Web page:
Talking heads or talking eyes? Effects of head orientation and sudden onset gaze cues on attention capture

Robrecht P. van der Wel, Timothy Welsh, Anne Böckler

Research output: Contribution to journalArticle

3 Scopus citations

Abstract

The direction of gaze towards or away from an observer has immediate effects on attentional processing in the observer. Previous research indicates that faces with direct gaze are processed more efficiently than faces with averted gaze. We recently reported additional processing advantages for faces that suddenly adopt direct gaze (abruptly shift from averted to direct gaze) relative to static direct gaze (always in direct gaze), sudden averted gaze (abruptly shift from direct to averted gaze), and static averted gaze (always in averted gaze). Because changes in gaze orientation in previous study co-occurred with changes in head orientation, it was not clear if the effect is contingent on face or eye processing, or whether it requires both the eyes and the face to provide consistent information. The present study delineates the impact of head orientation, sudden onset motion cues, and gaze cues. Participants completed a target-detection task in which head position remained in a static averted or direct orientation while sudden onset motion and eye gaze cues were manipulated within each trial. The results indicate a sudden direct gaze advantage that resulted from the additive role of motion and gaze cues. Interestingly, the orientation of the face towards or away from the observer did not influence the sudden direct gaze effect, suggesting that eye gaze cues, not face orientation cues, are critical for the sudden direct gaze effect.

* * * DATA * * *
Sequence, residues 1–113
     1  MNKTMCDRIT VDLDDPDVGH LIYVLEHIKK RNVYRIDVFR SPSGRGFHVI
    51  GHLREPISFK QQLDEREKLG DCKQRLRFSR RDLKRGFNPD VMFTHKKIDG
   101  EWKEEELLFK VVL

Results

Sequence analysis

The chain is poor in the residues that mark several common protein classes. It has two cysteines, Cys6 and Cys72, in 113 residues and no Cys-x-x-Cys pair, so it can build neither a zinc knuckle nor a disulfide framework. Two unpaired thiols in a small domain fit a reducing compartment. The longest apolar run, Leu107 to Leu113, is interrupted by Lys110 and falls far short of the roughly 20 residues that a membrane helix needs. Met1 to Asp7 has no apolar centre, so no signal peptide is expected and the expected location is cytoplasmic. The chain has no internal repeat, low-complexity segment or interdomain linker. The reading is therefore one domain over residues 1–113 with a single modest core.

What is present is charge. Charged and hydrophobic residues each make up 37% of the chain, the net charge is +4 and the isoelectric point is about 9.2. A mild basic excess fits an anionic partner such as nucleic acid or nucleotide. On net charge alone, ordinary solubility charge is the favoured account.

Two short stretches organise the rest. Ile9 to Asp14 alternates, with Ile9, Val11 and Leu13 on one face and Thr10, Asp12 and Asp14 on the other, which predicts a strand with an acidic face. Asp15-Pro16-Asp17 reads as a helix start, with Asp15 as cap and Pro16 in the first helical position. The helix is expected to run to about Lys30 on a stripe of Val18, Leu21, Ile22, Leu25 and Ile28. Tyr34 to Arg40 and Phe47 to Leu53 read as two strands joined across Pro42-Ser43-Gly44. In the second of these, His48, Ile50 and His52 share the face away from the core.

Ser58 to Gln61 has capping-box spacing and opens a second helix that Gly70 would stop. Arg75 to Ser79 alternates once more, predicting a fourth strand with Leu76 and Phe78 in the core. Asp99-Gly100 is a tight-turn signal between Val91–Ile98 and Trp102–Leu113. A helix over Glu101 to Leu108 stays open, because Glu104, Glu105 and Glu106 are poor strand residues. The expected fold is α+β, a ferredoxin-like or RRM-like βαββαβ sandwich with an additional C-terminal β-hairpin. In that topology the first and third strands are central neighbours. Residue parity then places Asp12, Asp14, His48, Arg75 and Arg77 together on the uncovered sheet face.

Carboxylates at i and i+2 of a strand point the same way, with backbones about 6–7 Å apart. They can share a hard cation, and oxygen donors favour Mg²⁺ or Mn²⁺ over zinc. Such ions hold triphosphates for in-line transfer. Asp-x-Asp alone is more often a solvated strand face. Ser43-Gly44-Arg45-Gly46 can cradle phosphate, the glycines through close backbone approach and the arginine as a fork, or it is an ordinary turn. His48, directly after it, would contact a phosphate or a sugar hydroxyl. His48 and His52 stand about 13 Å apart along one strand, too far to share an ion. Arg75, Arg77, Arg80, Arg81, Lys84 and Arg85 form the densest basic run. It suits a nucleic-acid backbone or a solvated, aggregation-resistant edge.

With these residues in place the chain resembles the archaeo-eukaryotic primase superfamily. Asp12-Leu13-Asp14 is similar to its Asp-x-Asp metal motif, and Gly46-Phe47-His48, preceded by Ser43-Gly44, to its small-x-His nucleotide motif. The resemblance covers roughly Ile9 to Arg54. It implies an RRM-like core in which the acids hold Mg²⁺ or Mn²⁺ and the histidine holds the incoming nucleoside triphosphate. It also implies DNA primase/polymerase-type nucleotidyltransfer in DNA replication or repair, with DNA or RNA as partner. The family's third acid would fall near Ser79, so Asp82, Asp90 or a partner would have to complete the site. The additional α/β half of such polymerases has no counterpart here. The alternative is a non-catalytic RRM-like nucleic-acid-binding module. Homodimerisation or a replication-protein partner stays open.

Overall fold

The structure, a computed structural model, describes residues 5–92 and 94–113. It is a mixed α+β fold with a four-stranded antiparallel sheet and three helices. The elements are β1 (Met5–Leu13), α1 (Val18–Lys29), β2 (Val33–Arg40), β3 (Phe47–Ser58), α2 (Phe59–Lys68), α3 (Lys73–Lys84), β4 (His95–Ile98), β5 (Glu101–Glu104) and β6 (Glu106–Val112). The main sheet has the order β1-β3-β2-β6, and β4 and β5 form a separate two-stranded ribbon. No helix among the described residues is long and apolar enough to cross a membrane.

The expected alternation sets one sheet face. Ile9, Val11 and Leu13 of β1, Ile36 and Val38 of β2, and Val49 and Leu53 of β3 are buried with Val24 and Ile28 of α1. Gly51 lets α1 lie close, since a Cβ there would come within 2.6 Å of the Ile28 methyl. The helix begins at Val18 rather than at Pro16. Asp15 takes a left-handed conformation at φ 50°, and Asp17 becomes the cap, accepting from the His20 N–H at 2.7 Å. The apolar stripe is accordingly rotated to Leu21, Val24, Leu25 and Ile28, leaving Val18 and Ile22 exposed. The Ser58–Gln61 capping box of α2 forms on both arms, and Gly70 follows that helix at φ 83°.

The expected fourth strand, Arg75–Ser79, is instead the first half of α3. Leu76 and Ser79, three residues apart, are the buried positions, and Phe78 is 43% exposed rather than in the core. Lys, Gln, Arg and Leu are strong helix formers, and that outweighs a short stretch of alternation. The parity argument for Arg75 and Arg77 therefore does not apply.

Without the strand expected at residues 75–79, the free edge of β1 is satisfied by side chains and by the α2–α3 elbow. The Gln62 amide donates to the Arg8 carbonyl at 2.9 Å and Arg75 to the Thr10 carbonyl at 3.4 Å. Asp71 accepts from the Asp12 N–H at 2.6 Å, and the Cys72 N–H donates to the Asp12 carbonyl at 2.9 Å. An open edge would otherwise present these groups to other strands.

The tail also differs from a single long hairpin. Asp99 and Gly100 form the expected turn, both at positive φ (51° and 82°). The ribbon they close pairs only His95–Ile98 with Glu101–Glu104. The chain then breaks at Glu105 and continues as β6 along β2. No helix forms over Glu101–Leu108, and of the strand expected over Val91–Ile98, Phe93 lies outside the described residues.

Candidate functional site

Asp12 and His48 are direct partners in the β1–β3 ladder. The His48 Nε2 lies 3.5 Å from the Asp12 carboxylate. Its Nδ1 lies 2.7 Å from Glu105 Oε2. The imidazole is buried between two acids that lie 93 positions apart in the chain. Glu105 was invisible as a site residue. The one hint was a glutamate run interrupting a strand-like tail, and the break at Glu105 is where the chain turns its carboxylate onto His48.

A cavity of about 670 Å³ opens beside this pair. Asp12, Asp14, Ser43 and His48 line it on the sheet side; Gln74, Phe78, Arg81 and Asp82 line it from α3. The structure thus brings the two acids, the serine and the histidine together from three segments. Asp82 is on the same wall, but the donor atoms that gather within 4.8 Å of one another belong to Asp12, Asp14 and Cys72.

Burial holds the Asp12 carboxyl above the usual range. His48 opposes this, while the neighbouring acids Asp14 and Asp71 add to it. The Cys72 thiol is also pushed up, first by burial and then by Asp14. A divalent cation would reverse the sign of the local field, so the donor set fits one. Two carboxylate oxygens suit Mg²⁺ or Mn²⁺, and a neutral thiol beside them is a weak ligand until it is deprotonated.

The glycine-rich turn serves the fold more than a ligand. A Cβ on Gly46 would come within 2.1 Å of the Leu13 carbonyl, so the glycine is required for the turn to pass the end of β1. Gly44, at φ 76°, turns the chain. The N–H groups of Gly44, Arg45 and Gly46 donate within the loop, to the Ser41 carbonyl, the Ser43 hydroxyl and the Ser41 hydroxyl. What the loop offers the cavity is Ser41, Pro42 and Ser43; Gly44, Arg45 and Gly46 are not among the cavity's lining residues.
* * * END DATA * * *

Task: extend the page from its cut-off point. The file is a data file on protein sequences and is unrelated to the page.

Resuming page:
Original languageEnglish (US)
JournalAttention, Perception, and Psychophysics
Volume80
Issue number1
DOIs
StatePublished - Jan 1 2018

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All Science Journal Classification (ASJC) codes

  • Language and Linguistics
  • Experimental and Cognitive Psychology
  • Sensory Systems
  • Linguistics and Language

Keywords

  • Attention
  • Eye Movements: *Other
  • Gaze

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